David Wintermyer – A Lifelong Lover and Respected Member of the Church of Jesus Christ of Latter-Day Saints
David Wintermyer was a beloved and esteemed member of The Church of Jesus Christ of Latter-day Saints, whose ministry had an immense impact on many lives.
Neighbors in Springettsbury Township, Pennsylvania were shocked when they learned of Wintermyer’s passing outside his house on June 10th 2012. He was remembered as a kind and well-liked man who enjoyed dogs and playing football.
Early Life and Education
He was raised as a Christian by Salvation Army officers, and began playing cornet at the age of eight. Soon after, his passion for music developed into something deeper – he wrote his first worship song at twelve years old.
He later relocated to Brighton and began teaching music. There he created an impressive music department with an esteemed orchestra, choir and various ensembles. As a composer who could blend classical, jazz and rock genres seamlessly, he quickly gained notoriety for his innovative compositions.
Dave served on the church leadership of CCK (Clarendon Church of Christ the King) in Brighton, England where he inspired a generation of Christian musicians to write and lead worship in an inspiring spiritual environment. His ministry continues today in local and international churches with his wife Rosie accompanying him.
David Wintermyer was a former All-American and All-Mountain West Conference linebacker for the University of Nevada, renowned for his playmaking ability and devotion to the game. Throughout his career, Wintermyer amassed more than 150 tackles as well as other impressive statistics. Additionally, Wintermyer became the first person to win the Mountain West Defensive Player of the Year award.
Wintermyer was one of a few college football players to earn an NFL contract, though his opportunity did not last long. Nonetheless, the university recognized his accomplishments by awarding him with an honorary degree in May 2014. Additionally, he was named to the team’s honor roll. Despite having such a full schedule, Wintermyer still managed to find time for mentoring the incoming freshman class.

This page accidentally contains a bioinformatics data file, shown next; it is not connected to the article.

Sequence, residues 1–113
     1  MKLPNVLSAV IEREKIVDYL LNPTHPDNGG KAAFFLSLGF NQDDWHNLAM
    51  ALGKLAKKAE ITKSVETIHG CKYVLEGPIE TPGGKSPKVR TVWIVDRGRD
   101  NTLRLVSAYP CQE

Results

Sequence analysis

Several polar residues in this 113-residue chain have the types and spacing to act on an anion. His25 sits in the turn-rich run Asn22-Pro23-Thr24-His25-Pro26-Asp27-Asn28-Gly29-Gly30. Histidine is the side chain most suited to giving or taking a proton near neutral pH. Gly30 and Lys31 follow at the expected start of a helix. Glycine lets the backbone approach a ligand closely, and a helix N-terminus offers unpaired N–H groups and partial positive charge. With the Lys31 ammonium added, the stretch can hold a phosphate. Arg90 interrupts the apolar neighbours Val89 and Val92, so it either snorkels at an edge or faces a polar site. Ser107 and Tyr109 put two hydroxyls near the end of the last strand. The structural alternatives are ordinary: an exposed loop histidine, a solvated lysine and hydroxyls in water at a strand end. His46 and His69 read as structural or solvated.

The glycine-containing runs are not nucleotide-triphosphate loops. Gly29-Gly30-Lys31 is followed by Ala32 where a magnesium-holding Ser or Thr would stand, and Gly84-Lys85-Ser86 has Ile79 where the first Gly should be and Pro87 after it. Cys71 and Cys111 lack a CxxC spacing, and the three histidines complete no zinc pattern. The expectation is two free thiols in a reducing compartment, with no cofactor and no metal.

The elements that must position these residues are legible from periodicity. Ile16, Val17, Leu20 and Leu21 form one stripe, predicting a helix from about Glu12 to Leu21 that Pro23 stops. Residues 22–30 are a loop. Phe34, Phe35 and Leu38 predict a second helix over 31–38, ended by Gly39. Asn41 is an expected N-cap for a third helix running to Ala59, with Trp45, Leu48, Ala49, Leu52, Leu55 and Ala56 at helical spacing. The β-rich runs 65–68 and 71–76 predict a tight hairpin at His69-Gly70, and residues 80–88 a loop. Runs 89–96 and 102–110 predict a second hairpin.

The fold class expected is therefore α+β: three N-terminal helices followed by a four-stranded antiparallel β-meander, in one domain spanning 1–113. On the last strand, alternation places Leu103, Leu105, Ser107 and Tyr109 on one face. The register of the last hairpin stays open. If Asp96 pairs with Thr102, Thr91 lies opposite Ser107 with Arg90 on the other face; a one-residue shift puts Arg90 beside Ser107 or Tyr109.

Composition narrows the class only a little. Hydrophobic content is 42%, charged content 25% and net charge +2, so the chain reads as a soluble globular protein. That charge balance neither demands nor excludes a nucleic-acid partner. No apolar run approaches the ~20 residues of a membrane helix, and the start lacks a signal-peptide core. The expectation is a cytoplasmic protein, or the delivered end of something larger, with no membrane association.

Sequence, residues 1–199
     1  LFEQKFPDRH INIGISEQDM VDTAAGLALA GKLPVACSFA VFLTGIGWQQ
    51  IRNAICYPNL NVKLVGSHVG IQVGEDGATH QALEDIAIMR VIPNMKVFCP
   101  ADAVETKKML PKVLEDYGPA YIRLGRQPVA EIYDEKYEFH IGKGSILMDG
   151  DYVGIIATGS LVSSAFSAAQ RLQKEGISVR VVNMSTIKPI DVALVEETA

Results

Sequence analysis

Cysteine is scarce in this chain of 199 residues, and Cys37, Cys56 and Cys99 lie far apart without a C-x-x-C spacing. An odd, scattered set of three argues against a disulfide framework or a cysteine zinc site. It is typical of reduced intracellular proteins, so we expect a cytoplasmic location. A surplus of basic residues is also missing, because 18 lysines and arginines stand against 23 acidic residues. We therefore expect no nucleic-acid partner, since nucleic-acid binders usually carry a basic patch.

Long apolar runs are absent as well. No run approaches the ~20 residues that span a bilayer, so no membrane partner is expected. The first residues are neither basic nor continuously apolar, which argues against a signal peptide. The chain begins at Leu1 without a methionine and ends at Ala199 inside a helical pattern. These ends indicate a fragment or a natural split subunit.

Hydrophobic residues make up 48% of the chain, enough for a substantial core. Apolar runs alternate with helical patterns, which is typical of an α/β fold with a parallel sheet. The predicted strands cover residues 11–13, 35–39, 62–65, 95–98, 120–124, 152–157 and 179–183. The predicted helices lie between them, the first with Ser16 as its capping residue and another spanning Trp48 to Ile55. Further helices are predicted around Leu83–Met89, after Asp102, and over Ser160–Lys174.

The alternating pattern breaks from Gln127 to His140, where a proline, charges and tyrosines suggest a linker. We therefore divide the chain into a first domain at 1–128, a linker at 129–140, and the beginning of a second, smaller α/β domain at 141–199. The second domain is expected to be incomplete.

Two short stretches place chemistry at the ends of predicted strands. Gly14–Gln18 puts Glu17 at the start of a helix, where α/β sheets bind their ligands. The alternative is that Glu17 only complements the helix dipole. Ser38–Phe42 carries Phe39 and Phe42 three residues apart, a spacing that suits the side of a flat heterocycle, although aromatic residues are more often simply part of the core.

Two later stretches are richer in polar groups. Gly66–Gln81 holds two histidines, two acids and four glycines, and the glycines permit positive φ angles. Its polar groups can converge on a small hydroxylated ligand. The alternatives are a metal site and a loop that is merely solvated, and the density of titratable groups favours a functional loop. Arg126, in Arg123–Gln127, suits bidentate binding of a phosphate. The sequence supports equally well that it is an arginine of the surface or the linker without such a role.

Achievements and Honors
David Wintermyer was an esteemed member of the Marine Corps and earned himself numerous accolades for his service to country. Over 17 years, he held various positions such as Field Artillery Cannoneer and Drill Instructor. His accomplishments are truly impressive – some of which are highlighted here.
He was an accomplished student athlete, devoted family man and an admirable humanitarian. Above all else, however, it should be remembered that he was a truly kind individual who enjoyed spending time with friends and colleagues. It may have come as a shock that he passed away suddenly at 47 years old; a day filled with sadness for both him and those close to him.
David Wintermyer lived in a peaceful neighborhood of York County, Pennsylvania. He took pleasure in its serenity and was immensely proud of his community.
He enjoyed good relations with his neighbors and did his best to ensure they were contented. A friendly individual who enjoyed watching football, he had a warm personality.
However, his neighbors also commented on his tendency for aggression and being somewhat of a bully.
Months before his passing, Dave and Spencer Newcomer IV had been engaged in an ongoing dispute over their property. At the heart of it all was a dilapidated, termite-infested shed located in Newcomer’s backyard that other neighbors had complained about.
They also had disagreements over the dogs Newcomer kept on his lawn. Finally, on June 10, 2012, David Wintermyer was shot to death in his sleep.
David Wintermyer is an 87-year-old American businessman and real estate investor with an estimated net worth of $35-49K. This wealth is likely the result of his successful career as both a developer and investor, plus the fact that he has built up an excellent reputation within the industry that makes him well known across America. He resides in Springettsbury Township, Pennsylvania; married with no children; born in December 1925.